My copy of Lexus is the 2000 edition. I'm still in the habit of thinking anything from 1999 or later is quite recent-- it's a little jarring to realize that the first edition of this book came out ten years ago. It's
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Raghu
Mar 18, 2009 rated it really liked it  ·  review of another edition
This book by Thomas Friedman is about globalization and how it affects us. Basically, Friedman believes that Globalization, in sum total, is good for the world, notwithstanding its negative effects.
Friedman's primary thesis is that the cold war politics conditioned the behavior of nation states till 1990. Now, it is 'Globalization' and its inexorable movement forward that shapes nations and their behavior internally as well as one another. Friedman introduces the term 'the Electronic herd' in ex
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Andrew
Jul 01, 2008 rated it it was ok  ·  review of another edition
Recommends it for: delusional capitalists
Thomas Friedman is a very smart, well-experienced, well-traveled columnist for the NYT. I really respect his insight and his opinions, and this is why I was very disappointed with this book.

Part of this may be because it was written in 1999 (it was only 9 years ago, but this country has really taken a nosedive since then). In The Lexus and the Olive Tree, Friedman is constantly giddy about the new globalization system that has come to replace the Cold War system. The "globalization" that he des
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Mike
Nov 18, 2007 rated it really liked it  ·  review of another edition
Recommends it for: econ nerds, econ teachers, businness students and business-minded people, social scientists
I felt it was my duty as an econ nerd and (newly!) certified economics teacher to see what Thomas Friedman is all about. From his New York Times column to the Sunday morning political talk shows, to documentaries, Friedman was everywhere I turned, and I knew nothing about him.

Friedman, it turns out, is both a brilliant scholar of the globalization wave that is quickly sweeping across the globe; he is also the system's main cheerleader. He describes the new world order all the way from a birds-ey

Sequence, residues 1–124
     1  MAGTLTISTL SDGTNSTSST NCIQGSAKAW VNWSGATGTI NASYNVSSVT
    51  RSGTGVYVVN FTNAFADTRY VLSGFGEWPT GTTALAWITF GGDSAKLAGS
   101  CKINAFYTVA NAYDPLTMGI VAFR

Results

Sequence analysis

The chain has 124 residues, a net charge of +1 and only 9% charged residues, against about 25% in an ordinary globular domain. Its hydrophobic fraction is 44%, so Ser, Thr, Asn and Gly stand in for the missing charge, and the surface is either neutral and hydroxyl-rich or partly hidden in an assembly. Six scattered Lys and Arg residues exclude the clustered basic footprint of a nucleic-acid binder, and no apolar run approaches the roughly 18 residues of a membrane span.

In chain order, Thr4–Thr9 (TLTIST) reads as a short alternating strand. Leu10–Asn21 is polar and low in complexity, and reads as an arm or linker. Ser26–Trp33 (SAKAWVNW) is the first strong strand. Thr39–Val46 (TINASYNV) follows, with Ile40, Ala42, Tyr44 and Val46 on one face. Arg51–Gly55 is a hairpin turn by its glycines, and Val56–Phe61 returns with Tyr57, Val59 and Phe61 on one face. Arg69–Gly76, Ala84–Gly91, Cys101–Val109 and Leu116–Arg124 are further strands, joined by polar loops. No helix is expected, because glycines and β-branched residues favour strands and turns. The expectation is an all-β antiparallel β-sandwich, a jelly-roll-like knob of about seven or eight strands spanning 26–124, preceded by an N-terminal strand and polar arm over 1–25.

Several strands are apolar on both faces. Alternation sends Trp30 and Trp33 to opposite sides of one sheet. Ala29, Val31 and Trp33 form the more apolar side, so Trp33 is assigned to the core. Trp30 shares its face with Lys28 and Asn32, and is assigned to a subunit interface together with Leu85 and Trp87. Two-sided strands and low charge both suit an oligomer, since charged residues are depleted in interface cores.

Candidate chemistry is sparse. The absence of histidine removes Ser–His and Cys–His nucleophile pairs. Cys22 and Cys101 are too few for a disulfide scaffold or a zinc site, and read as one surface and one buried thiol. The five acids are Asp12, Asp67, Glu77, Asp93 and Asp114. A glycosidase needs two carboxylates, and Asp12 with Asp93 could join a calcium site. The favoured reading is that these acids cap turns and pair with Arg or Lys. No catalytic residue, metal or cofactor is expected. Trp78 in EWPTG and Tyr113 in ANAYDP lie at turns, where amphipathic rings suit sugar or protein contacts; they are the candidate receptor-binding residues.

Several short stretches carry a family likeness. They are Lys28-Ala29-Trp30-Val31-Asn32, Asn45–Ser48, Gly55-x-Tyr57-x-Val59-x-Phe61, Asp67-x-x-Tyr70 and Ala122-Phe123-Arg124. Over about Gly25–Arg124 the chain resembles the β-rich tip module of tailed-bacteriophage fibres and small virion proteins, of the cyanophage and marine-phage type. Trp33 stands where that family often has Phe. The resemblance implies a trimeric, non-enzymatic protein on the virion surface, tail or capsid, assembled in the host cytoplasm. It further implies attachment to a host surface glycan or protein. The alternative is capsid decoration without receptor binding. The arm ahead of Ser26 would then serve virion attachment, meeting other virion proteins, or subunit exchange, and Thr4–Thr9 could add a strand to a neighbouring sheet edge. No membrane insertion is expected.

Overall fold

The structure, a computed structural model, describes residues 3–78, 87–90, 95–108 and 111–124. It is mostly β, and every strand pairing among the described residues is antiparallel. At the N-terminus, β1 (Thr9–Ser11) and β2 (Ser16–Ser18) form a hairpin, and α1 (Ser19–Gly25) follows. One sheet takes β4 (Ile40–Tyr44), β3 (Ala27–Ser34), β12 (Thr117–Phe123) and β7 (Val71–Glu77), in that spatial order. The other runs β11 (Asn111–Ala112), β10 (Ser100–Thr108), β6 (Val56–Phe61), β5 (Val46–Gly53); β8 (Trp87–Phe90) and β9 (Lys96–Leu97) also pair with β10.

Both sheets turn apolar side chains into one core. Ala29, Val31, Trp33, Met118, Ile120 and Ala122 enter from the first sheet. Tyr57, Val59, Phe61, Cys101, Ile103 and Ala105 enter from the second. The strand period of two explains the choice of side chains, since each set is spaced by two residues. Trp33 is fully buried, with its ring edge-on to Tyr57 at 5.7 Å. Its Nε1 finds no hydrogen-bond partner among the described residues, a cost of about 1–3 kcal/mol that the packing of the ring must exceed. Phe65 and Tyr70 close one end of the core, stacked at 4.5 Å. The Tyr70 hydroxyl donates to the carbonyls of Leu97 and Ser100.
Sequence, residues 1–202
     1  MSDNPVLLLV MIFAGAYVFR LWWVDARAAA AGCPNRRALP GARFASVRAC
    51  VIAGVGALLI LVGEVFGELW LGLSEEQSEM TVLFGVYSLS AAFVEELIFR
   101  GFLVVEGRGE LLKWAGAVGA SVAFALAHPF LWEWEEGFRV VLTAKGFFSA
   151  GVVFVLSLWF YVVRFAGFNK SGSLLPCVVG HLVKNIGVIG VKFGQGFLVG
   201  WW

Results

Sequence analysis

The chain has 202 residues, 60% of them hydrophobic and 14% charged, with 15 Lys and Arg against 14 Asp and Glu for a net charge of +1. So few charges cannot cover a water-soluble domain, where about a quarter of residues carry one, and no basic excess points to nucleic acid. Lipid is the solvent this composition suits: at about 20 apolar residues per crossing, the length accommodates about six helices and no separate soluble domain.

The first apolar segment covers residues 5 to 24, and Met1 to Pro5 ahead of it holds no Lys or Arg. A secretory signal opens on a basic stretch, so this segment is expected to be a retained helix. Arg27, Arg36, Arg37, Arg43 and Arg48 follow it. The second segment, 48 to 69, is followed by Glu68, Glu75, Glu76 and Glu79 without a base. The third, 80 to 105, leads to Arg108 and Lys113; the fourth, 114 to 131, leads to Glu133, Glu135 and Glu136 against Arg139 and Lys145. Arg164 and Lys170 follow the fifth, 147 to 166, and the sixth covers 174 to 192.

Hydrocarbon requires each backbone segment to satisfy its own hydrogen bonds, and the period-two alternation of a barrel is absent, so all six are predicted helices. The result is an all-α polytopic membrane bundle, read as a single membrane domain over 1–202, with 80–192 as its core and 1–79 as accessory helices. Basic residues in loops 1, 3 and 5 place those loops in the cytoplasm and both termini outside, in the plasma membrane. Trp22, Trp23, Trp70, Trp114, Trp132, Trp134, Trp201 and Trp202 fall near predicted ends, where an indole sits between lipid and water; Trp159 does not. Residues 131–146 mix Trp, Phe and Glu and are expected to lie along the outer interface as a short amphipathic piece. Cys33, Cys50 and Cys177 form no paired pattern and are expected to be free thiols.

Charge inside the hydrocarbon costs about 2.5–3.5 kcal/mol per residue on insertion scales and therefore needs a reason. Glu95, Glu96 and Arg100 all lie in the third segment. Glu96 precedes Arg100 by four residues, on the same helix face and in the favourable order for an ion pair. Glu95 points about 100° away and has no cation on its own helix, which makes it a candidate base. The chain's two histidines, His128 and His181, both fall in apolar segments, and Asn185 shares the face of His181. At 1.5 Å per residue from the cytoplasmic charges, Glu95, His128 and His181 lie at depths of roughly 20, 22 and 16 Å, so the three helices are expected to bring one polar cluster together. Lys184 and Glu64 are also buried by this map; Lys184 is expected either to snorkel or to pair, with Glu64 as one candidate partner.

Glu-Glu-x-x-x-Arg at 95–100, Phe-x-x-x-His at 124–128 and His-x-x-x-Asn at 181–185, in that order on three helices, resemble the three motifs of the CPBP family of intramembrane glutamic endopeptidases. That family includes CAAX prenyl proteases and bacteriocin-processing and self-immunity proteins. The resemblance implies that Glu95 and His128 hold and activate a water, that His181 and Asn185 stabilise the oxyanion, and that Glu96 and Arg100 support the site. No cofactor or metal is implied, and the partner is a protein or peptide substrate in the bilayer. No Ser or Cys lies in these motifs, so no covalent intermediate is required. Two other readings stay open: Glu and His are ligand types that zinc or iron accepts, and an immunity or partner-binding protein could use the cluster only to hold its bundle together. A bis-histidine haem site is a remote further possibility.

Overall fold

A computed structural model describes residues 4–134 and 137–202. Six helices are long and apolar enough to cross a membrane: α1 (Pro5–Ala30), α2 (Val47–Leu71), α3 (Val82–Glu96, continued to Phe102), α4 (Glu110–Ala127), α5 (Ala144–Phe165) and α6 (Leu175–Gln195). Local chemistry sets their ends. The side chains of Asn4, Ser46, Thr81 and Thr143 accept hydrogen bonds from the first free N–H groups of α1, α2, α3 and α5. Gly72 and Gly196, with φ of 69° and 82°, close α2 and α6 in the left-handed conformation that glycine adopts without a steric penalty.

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Mike
Jan 29, 2008 rated it really liked it  ·  review of another edition
A simple and interesting read. NY Times columnist Thomas Friedman is fond of using simple metaphors for large concepts. The Lexus symbolizes technology, commerce, and globalization while the Olive Tree symbolizes tradition. He discusses the relationship and tension between the two.

Friedman takes a pretty positive view of globalization, if for no other reason than its inevitability. He claims that trying to stop globalization is like trying to "stop the sun from rising." He asserts that it would
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Nuno Martins
Oct 13, 2010 rated it really liked it  ·  review of another edition
Shelves: ensaios
Um livro que nos mostra com uma linguagem simples e acessível, o advento da globalização, dos mercados livres, da internet, das comunicações e o seu impacto nas vidas de todos nós.
Thomas L. Friedman através da sua experiência como jornalista dá-nos a ver toda uma década de mudança, os anos 90 do século passado e aborda uma enormidade de temas que fazem parte do nosso dia a dia, desde o boom do mercado livre, com todas as suas implicações socio-económicas, o grande desenvolvimento e velocidade na
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BBBTerri
Sep 14, 2008 rated it really liked it  ·  review of another edition
Required reading for those of us who aren't economics majors. Easy read, educational and thought provoking.
"The driving idea behind globalization is free-market capitalism-the more you let market forces rule and the more you open your economy to free trade and competition, the more efficient and flourishing your economy will be. Globalization means the spread of free-market capitalism to virtually every country in the world. Therefore, globalization also has it's own set of economic rules - rule